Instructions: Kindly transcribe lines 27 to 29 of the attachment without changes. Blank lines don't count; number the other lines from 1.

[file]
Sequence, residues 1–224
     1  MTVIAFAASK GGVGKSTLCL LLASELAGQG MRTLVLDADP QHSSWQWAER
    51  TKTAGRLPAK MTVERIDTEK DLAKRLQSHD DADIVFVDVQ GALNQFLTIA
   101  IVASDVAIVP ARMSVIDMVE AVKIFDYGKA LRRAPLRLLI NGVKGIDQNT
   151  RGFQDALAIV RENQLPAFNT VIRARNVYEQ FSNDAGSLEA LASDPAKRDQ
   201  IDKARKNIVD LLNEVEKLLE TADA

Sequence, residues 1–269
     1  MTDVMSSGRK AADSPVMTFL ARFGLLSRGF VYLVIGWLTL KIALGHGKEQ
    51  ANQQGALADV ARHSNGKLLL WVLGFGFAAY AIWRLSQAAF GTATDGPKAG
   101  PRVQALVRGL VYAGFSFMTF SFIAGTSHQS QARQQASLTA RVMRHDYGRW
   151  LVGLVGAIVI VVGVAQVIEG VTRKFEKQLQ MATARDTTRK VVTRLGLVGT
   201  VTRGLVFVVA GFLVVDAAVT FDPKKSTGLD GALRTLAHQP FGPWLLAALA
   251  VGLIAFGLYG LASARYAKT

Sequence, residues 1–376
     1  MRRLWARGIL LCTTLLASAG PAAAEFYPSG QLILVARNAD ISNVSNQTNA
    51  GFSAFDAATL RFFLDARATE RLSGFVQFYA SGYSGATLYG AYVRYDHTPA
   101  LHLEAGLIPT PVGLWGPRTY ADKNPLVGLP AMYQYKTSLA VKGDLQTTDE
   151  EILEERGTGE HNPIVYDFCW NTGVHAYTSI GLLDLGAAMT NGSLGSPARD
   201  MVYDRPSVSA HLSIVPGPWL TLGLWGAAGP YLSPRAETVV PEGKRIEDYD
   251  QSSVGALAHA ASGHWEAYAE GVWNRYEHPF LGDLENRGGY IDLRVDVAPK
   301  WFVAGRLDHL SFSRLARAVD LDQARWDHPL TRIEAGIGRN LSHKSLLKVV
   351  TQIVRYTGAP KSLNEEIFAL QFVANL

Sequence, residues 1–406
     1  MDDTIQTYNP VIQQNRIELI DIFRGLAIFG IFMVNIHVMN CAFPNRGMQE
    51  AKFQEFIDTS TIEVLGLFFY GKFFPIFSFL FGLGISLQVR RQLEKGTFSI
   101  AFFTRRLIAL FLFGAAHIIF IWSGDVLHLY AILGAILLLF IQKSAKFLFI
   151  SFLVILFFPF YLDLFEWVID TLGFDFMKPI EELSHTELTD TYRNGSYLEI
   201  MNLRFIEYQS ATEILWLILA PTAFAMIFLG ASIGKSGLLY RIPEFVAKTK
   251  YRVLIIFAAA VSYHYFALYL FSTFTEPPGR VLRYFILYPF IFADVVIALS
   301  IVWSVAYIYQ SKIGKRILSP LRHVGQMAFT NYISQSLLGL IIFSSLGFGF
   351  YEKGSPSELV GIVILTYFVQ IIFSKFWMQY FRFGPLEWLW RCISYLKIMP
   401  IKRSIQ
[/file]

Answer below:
   151  SFLVILFFPF YLDLFEWVID TLGFDFMKPI EELSHTELTD TYRNGSYLEI
   201  MNLRFIEYQS ATEILWLILA PTAFAMIFLG ASIGKSGLLY RIPEFVAKTK
   251  YRVLIIFAAA VSYHYFALYL FSTFTEPPGR VLRYFILYPF IFADVVIALS